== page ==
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Lauren Williams’ incredible sacrifice has been highlighted by Great Britain’s first ever taekwondo medallist Sarah Stevenson, who said: “The determination in that girl is off the scale.”
Williams was seconds away from gold in the women’s -67kg category in Tokyo but lost out to Croatia’s Matea Jelic in Monday’s final.
The 22-year-old, from Blackwood in south Wales, switched to taekwondo from kickboxing, and lived in a caravan with her mum for 18 months in her early teens in order to be close to the GB team’s training camp in Manchester.
— Team GB (@TeamGB) July 26, 2021
Stevenson, who secured bronze in Beijing in 2008 to set off an incredible run of taekwondo medal glory for Great Britain, believes Williams’ silver medal is well deserved.
“Lauren is an absolute fighter, you can see it in her face that she just wants to hurt people and I think she’s amazing for that, I love that about her,” Stevenson told the PA news agency.
“There are not many girls that want to just go out there and tear someone up. She’s got such great aggression inside her. She has seen people like me and Jade (Jones) up there.
“Where she is right now is where she has always wanted to be since she was about 10 years old. She lived in a caravan with her mum, just to live in Manchester, just to make it and get to where she is now. The determination in that girl is off the scale, it’s absolutely ridiculous.”
Stevenson’s bronze medal in Beijing paved the way for others to follow, and she has been personally cited by 2020 silver medallist and fellow Doncaster native Bradly Sinden as an inspiration.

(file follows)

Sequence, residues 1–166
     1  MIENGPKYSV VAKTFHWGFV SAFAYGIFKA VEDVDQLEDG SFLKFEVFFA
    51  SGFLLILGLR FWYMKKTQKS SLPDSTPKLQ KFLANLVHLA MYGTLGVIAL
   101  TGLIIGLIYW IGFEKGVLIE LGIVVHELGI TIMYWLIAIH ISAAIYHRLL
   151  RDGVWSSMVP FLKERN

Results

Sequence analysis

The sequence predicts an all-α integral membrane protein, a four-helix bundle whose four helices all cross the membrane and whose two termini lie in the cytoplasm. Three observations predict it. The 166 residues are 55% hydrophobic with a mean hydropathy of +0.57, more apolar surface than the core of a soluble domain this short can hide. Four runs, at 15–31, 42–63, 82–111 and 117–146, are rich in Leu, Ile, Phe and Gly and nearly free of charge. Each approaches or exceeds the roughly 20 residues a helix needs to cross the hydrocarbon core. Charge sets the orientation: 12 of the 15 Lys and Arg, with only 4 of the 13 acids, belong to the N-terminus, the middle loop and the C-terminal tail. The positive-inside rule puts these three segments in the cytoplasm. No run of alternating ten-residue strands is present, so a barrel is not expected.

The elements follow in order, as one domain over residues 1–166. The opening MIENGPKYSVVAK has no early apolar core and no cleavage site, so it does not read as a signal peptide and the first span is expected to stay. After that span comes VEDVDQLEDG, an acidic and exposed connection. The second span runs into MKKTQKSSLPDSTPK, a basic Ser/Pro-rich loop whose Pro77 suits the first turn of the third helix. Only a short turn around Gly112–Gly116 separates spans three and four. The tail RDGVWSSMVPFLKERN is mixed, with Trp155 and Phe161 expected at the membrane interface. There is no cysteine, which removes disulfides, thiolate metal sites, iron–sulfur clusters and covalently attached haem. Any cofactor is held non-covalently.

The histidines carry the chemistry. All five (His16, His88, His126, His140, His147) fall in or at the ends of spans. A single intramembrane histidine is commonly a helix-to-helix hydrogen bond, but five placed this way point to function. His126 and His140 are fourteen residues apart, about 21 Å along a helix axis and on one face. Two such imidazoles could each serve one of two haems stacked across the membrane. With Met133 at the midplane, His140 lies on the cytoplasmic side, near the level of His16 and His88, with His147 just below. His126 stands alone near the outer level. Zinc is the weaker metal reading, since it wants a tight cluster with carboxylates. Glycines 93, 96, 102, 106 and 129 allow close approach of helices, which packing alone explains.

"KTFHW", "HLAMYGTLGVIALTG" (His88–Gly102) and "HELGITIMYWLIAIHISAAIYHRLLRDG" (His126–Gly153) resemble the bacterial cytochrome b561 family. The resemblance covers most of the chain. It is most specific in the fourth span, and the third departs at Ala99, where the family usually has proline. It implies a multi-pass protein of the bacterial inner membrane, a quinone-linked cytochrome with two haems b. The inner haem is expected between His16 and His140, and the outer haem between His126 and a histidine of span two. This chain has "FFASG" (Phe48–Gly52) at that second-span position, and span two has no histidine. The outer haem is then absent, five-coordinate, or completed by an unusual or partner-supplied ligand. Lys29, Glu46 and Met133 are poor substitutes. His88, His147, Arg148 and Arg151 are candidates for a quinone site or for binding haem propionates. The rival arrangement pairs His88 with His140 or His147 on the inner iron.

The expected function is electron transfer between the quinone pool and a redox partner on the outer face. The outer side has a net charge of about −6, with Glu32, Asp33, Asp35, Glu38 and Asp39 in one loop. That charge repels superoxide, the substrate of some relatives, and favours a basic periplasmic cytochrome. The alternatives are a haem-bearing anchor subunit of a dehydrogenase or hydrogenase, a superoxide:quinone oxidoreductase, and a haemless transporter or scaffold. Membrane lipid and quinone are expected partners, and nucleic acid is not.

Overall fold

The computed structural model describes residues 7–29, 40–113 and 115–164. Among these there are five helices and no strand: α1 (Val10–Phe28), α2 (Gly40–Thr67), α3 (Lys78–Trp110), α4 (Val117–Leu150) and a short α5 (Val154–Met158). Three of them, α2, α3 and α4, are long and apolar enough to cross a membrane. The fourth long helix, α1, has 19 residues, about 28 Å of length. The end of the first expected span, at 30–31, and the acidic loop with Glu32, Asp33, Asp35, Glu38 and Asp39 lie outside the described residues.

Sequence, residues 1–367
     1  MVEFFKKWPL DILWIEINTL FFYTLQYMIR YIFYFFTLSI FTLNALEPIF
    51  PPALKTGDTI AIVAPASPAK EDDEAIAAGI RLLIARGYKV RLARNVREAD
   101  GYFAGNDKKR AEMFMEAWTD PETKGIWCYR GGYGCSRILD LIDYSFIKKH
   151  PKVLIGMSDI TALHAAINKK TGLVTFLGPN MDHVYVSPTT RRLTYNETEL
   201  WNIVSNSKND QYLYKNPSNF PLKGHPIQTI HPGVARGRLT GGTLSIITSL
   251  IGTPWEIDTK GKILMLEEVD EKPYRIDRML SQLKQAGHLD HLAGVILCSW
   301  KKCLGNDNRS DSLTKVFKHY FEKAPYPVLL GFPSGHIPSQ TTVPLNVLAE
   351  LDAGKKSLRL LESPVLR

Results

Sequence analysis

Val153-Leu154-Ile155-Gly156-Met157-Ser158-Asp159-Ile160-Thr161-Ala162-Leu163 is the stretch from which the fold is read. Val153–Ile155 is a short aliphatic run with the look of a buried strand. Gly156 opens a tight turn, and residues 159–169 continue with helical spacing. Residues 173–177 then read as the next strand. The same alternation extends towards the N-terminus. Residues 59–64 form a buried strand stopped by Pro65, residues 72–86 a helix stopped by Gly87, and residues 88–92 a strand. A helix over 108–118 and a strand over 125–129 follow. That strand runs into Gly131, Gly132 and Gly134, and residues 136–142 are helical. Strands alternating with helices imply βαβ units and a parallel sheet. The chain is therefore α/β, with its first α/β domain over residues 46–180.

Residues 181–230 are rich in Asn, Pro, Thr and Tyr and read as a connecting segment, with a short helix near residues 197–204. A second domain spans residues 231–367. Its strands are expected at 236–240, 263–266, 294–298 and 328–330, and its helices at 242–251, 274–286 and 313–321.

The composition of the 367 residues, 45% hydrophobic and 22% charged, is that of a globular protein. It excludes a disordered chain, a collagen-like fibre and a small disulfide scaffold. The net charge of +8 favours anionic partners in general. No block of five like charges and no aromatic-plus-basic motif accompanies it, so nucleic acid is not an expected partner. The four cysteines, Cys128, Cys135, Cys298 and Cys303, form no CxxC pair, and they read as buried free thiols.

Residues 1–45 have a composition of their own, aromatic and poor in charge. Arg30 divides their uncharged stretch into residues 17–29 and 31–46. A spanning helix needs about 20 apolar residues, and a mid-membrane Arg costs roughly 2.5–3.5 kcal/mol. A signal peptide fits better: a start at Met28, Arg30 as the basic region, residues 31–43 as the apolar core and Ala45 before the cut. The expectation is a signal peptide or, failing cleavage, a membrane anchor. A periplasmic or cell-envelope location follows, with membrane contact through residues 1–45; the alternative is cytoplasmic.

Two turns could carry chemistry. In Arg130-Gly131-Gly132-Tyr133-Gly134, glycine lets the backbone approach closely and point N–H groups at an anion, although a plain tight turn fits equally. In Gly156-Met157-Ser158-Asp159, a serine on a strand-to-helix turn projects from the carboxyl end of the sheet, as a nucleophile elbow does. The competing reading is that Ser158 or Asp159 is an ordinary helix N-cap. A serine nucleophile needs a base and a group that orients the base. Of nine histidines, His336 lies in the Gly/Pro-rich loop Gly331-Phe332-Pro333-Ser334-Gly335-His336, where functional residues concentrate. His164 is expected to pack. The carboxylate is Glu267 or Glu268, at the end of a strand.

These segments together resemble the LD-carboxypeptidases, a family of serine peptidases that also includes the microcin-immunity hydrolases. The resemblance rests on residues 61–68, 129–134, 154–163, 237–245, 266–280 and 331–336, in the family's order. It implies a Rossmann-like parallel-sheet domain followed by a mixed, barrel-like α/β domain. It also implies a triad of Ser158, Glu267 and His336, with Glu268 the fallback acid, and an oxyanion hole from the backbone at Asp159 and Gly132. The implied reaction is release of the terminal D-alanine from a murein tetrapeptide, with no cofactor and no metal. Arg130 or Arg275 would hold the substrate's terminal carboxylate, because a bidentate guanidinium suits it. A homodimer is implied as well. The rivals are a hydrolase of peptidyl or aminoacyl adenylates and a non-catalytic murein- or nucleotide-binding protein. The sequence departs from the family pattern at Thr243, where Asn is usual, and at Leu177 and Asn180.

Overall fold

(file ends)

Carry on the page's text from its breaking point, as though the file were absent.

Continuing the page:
Sinden, who also took silver in the men’s -68kg category on Sunday, attended training camps run by Stevenson in his youth, although she admits his laid-back personality meant he did not immediately leap out as a future medal contender.
“He wasn’t one of those kids who would make you turn your head because he wasn’t the one that’s craving the attention or screaming the loudest,” Stevenson said.
“He was just there, digging in all the time. He hasn’t got that personality where he’s saying ‘look at me, look at me,’ all the time. He has always been more like ‘I’m doing my thing, just leave me alone’ really.
“He does slip under the radar because of that chilled personality. A lot of big names have got big personalities, he just cracks on and does his thing and works ridiculously hard to do it, but with a chilled-out vibe.”
Sinden was devastated to have lost out on gold to Uzbekistan’s Ulug Rashitov, but Stevenson believes time will allow him to reflect positively on his achievement.
She also believes he will be a perfect age to go for gold in Paris in three years’ time.
“When I got bronze it was hard, I knew I wasn’t given the best chance to get gold and I felt cheated out of it,” she recalled.
“With Bradly it was all in his own hands, as he said there were probably a couple of things he could have got better, he probably switched off a little bit.
“When the gold’s in your hands it’s hard to be proud of what you’ve got. But it takes time, it takes experience and it takes age. You need perspective on life and when you’re 22 you’ve just got that tunnel vision of an Olympic gold medal, and that’s not a bad thing at all.
“A lot can happen in four years, a lot less can happen in three, so I think he’s got a better chance for the fact that it’s only in three years.
“At the moment he’s world number two, I can see him getting to that world number one position and keeping that for the next three years.
“He’s in with an amazing chance and he’d certainly be one to keep your eyes on for that gold medal in Paris.”
Bianca Walkden has a chance to add to Team GB’s medal haul in the sport on Tuesday in the over 67kg category, while Mahama Cho is competing in the men’s over 80kg.